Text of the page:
There are books on my reading list that have languished there for years. I’ve been trying to do a better job prioritizing these older books over the latest, shiny new object. However, there are times when a book looks to good to bury on my list. I don’t do it as often as I used to, but I add those books and put them at or near the top of the list. Usually, the book is either highly recommended by friends, by an author I like, or getting really good reviews.
Such was the case with Tomorrow, and Tomorrow, and Tomorrow by Gabrielle Zevin. I kept seeing the book near the top of the charts on Goodreads, and it was continually appearing in my Amazon recommendations. Plus, it was a little outside the types of books I normally read, and I figured it would be worth stretching my boundaries a bit.
If an extra-terrestrial being were to arrive on our planet, what would they think of humans? What would be their reaction to what we eat, what we drink, what we wear, the music we listen to, the concept of love, and how we interact with our pets? Would they embrace the way we live, or would they be repulsed by it.
It’s an interesting thought experiment, and one that author Matt Haig explores in his book The Humans: A Novel.
A few years back (9 to be exact), I read The Circle by Dave Eggers. In that book, Eggers painted a future where a dominant technology company encourages users to embrace total transparency. People aren’t forced to give up their privacy, they willingly do so for greater good. When I read the book, it reminded so much of Aldous Huxley’s Brave New World where people willingly submit to government surveillance.
Last year, when I saw that Eggers wrote a follow-up to The Circle, I knew I would have to read it. I was curious to see where Eggers would take things in The Every.
As much as I joke about Amazon being my arch-nemesis, they offer good services for book readers. One of the services I follow is their First Reads program. The program provides early access to new books. Since I enjoy discovering new authors, the First Reads program provides one such avenue.
What’s the biggest bonus of the program? If you’re a Prime member, you can select at least one and sometimes two books off each month’s list for free. It’s how I discovered the book Interference by Brad Parks, which I doubt I would have otherwise stumbled upon.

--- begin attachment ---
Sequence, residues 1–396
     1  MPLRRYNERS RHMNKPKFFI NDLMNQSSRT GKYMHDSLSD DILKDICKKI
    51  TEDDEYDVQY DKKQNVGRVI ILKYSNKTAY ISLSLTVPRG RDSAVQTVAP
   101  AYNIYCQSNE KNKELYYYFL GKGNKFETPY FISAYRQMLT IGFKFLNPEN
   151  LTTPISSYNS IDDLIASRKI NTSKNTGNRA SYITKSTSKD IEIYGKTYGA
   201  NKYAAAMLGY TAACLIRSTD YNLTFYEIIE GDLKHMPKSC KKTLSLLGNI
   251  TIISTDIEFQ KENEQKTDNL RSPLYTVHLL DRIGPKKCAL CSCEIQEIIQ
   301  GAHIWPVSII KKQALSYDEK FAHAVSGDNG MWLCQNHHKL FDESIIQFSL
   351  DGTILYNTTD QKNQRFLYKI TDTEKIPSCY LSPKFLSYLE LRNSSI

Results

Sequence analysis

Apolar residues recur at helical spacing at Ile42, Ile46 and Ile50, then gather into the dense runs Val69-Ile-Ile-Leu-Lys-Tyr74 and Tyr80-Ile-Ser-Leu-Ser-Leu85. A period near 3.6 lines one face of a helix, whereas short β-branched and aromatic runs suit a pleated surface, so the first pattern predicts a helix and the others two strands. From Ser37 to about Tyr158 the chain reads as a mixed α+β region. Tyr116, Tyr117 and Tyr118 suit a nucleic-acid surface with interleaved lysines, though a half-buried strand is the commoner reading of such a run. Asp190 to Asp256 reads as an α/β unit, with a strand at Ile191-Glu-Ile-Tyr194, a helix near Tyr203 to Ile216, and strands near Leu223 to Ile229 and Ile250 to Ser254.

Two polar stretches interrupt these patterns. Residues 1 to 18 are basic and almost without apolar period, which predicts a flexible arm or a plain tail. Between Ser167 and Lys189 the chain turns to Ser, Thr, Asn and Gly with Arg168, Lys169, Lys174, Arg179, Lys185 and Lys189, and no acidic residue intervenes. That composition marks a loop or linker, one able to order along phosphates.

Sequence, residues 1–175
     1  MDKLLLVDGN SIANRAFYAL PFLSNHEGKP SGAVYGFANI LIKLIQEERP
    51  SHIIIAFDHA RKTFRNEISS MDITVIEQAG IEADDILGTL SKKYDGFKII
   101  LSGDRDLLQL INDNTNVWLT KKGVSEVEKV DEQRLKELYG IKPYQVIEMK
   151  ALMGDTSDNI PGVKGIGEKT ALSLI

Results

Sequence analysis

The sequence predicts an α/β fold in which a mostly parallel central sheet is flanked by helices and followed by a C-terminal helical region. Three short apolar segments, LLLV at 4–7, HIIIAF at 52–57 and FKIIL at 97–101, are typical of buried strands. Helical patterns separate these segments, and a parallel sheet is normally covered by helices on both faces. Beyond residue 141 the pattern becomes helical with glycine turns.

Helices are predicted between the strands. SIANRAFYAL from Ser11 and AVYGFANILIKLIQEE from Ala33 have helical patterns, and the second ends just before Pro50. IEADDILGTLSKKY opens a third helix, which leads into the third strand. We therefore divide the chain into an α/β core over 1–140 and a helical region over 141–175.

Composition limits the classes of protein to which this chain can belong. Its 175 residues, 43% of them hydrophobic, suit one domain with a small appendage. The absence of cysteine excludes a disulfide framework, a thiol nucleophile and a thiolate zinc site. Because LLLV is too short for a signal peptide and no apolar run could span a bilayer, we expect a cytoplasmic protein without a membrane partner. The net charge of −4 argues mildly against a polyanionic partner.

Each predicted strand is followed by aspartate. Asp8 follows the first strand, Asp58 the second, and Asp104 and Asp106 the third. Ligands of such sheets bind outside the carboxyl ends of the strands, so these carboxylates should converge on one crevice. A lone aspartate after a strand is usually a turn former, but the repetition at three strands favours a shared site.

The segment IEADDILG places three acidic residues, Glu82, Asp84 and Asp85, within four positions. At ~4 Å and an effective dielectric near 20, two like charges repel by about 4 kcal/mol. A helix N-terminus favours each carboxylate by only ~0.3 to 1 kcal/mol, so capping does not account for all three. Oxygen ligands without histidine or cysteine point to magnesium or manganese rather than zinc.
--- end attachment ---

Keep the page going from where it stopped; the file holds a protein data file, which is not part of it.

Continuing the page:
Humans have an infatuation with time travel. How do I know? I’ve read my fair share of time travel stories, and I’m sure that I’ve just scratched the surface.
When I started The First Fifteen Lives of Harry August by Claire North, I didn’t realize I was going to be reading yet another book around time travel. Fortunately, this version of the time travel story had an interesting twist to it.
When I think of great storytellers, Hugh Howey and Blake Crouch are two authors that would be at the top of my list. They have a way of writing a story that draws you in immediately, keeps your attention, and captivates your imagination.
Another one of my favorite authors who I would put right up there with them is A.G. Riddle. I’ve been a fan of his starting with the The Atlantis Gene, which is the first book in The Origin Mystery trilogy.
I usually make it a point to have an A.G. Riddle novel on my reading list every year or two. The Extinction Trials was the book I chose to put on this year’s reading list.
For my latest foray into the short story genre, I decided on the Nameless series by Dean Koontz. I found about it through an Amazon email when Season 2 was released, but I figured that I would start with Season 1 to see if I liked the story arc.
It was also a good chance to gain exposure to Koontz’ writing. He’s a prolific author who has written dozens of books. Instead of starting out with one of his long form novels, I figured a few of his short stories would give me a good feel for his other books.
Over the last couple of years, I’ve read a few books where the main plot has been related to quantum physics, especially traveling across space and time. Some of the books include Dark Matter, Recursion, and Pennsylvania. There have been others where traveling across space and time supported the story but wasn’t the main attraction. You’d think I would tire of this theme, but I’m finding there’s always room for one more on my reading list.
I knew going in that The Fold by Peter Clines would involve bending space and time as the main attraction. I was interested in Clines take on the topics and the story he built around the concept.
Are you living the life you want? If you could make different choices in your life, would you? If you could see how your choices turned out, would you want to experience your ‘alternate’ life to see if it was everything you thought it would be?
That’s the premise of The Midnight Library by Matt Haig. Here’s the summary as written on his website:
Between life and death there is a library, and within that library, the shelves go on forever. Every book provides a chance to try another life you could have lived. To see how things would be if you had made other choices . . . Would you have done anything different, if you had the chance to undo your regrets?
My reading list suffers from shiny object syndrome. I get bombarded with recommendations from friends, as well as my arch nemesis – Amazon. If it looks good, I’ll let it jump the queue. So one of my reading goals this year was being more disciplined and reading through some titles that had been on my list for a long time, in some cases two years, three years, or more.
So far, I’ve done a pretty good sticking to plan. Fat Chance, Lexicon, The God’s Eye View, Permutation City, Luna, and (R)evolution were all books that were added to my reading list in 2018, or earlier. The latest book I can check off this list is Afterparty by Daryl Gregory.